The UK’s first Palestinian deputy vice-chancellor – a leading conceptual artist who feels that hailing from a village in Galilee adds to his drive to succeed – has just taken up his post at Birmingham City University.
A professor in art and design and former pro vice-chancellor at BCU, Bashir Makhoul’s key goal, he said, was “improving [BCU’s] academic mission, bringing much more academic rigour to the way we operate and attract students”.
This will be achieved through focusing on existing “pillars of distinction” such as the Centre for Applied Criminology and the celebrated Birmingham Conservatoire under Julian Lloyd Webber, and then bringing other courses up to the same “world-leading level”.
Along with extensive investment and a partnership with Wuhan Textiles University that will lead to the opening of the Birmingham Institute of Fashion and Creative Art in China this September, BCU is also looking to “reform the whole curriculum” and extend its offering in areas such as “sport and sports science allied to health”, Professor Makhoul said.
More generally, Professor Makhoul is keen to position BCU as “a practice-led and knowledge-based university”, where students will often be “involved in generating knowledge as well as gaining skills”. The model for academics is the “practitioner” who has “a link to work actually being done on the ground and a practical approach to resolving problems” but who is also “a writer and a thinker”, he added.
However this model works out in other disciplines, it very much fits Professor Makhoul himself. He is an acclaimed “practitioner”, a well-established artist who has exhibited around the world and was one of the unofficial Palestinian entries for the 2013 Venice Biennale.
He had his first solo show in Palestine at the end of last year, an exhibition called Floating Free, in Jerusalem and Ramallah.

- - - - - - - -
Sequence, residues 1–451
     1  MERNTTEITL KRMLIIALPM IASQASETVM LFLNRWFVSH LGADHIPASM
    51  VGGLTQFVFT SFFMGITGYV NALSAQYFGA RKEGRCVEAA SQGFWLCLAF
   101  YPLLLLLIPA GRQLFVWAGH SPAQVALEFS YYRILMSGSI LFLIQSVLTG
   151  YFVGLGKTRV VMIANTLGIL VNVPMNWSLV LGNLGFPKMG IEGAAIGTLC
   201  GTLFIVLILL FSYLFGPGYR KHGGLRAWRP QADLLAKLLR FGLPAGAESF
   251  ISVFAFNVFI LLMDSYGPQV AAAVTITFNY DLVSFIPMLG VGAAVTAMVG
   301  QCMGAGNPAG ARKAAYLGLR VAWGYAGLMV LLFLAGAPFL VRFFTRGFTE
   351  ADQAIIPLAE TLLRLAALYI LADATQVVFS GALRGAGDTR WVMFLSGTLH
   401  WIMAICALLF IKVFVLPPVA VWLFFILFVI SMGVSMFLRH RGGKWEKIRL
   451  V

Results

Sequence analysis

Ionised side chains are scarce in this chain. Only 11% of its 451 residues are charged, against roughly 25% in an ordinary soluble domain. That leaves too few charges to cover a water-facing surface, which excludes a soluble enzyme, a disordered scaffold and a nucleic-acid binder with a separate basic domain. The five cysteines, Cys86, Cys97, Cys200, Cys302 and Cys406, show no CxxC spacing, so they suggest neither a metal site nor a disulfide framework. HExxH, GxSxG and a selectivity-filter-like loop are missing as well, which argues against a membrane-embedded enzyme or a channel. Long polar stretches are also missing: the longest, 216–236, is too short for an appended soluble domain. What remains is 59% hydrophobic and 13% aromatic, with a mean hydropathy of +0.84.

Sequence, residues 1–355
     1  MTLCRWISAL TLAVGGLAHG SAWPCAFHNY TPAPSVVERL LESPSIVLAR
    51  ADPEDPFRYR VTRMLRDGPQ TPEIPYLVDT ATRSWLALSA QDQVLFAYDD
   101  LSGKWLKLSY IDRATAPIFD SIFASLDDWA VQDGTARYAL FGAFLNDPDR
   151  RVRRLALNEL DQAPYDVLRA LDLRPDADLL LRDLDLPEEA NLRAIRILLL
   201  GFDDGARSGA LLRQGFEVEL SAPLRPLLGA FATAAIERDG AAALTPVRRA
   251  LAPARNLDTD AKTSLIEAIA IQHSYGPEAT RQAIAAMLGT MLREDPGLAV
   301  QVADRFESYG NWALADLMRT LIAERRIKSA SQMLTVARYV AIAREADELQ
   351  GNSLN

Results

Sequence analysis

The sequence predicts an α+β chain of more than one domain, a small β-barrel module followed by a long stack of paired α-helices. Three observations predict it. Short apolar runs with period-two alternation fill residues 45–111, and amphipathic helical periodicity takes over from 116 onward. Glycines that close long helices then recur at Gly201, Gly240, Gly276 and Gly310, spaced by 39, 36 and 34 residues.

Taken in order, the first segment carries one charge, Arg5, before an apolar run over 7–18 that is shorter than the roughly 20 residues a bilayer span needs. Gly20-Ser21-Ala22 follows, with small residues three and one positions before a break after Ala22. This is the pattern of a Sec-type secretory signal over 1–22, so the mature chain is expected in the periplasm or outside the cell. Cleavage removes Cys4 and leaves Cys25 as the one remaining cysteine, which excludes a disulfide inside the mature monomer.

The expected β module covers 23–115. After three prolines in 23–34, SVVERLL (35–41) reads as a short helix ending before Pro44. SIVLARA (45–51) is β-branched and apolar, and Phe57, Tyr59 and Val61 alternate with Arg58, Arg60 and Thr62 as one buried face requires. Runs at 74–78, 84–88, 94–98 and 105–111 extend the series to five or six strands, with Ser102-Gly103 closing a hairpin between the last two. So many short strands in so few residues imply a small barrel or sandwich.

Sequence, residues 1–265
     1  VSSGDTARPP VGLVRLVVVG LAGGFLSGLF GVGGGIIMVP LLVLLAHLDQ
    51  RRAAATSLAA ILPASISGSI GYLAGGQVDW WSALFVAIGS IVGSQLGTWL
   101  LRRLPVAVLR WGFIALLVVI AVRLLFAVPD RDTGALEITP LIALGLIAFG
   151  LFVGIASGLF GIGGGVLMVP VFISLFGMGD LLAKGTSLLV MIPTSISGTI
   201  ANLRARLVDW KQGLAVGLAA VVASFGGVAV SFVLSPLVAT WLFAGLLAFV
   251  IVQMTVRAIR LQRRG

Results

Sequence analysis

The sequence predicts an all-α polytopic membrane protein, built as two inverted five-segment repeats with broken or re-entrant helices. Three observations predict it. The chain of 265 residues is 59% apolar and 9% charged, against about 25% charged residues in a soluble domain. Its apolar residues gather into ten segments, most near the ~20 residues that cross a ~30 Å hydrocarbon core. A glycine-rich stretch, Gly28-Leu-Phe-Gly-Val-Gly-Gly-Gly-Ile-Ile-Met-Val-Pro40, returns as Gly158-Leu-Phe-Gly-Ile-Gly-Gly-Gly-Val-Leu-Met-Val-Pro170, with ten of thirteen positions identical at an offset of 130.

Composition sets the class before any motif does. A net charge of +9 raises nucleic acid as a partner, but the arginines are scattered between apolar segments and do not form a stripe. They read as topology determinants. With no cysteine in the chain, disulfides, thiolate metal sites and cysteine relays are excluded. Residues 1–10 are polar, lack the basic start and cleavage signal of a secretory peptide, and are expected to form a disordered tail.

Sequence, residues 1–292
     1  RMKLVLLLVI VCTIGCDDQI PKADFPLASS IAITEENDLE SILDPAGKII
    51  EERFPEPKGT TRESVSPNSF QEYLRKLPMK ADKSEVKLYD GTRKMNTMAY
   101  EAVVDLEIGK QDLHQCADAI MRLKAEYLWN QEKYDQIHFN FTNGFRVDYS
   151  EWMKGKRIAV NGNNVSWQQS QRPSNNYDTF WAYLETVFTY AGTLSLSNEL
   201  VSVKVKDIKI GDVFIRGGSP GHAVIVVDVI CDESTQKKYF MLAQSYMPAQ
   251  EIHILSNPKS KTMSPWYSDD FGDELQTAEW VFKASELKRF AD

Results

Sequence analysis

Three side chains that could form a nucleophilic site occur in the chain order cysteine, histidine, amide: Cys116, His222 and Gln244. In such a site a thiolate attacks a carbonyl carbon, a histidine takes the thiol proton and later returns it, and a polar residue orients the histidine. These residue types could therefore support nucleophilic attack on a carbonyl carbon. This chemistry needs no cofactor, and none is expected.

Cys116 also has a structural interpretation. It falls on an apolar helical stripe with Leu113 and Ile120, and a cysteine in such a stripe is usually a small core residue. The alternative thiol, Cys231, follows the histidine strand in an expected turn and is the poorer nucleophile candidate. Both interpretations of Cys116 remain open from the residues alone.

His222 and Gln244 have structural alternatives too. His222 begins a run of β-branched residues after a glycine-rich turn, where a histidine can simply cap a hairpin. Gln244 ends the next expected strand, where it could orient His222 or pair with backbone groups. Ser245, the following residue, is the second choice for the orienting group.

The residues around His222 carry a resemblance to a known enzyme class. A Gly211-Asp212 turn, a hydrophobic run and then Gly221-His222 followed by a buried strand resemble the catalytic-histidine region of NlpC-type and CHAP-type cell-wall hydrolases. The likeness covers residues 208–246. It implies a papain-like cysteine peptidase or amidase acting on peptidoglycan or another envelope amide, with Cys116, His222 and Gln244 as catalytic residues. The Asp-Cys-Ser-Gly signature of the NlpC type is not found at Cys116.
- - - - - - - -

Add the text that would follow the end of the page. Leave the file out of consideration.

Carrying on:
And he is also a prolific writer on art: he has just published a co-edited book with Alnoor Mitha, Conflict and Compassion: A Paradox of Difference in Contemporary Asian Art, which explores how the movement of peoples from Asia and the Middle East could transform the arts scene in Europe.
“Migration, both under the tragic circumstances we are seeing right now and in less challenging situations,” Professor Makhoul said, “has the capacity to diversify a region for the better because artists’ responses to adversity are often those which leave the strongest message…Just look at the impact post-war Asian migration has had on the UK’s food scene – it’s been transformative.”
All this suggests a slightly split life. Professor Makhoul has a studio in Beijing and produces work often featuring motifs such as cardboard houses that make overt allusion to the Palestinian (and broader refugee) experience.
“Without a doubt,” he agreed, “I constantly refer back to Palestine, because that is the one thing you can’t cut off, the ties with your traditional values, language and food and so on, what I would describe as the core of one’s being. They keep creeping back into the way you think, the way you progress, the way you express your views.
“Though I also believe identity changes and develops and evolves, one can’t cut off all the cultural values and ties to the old place and the old space.”
This also means that “the strongest interest in [my] work lies with people who have interests around areas of conflict and areas of identity”, Professor Makhoul said.
Much of this may appear separate from the challenges of his new day job and the concerns of his colleagues at BCU, but Professor Makhoul “can’t see why [he] shouldn’t be able to continue” with his artistic career alongside his senior management role. “It is valued by the university, since it is unusual for a DVC to be a researcher, and so is crucial to the profile of the university,” he said.
His dual life should also be facilitated by his working methods. Professor Makhoul described a recent installation in Shanghai involving “eight gold-plated houses floating in mid-air above a pool of blood-red oil”. This was designed with his digital assistant in Birmingham and produced in Beijing, so he was only required to go to Shanghai to install it the day before the exhibition opened.
But does the fact that he is the first Palestinian to have such a senior role within UK higher education add to the pressure?
Yes, responded Professor Makhoul. “It’s not an issue of national pride, because I’m not a nationalist; it’s the fact that you’ve been given this opportunity, you’ve come from this tiny village in Galilee, so you don’t want to get here and not do brilliantly. It’s the point where you’re about to score a goal and don’t want to fluff it.”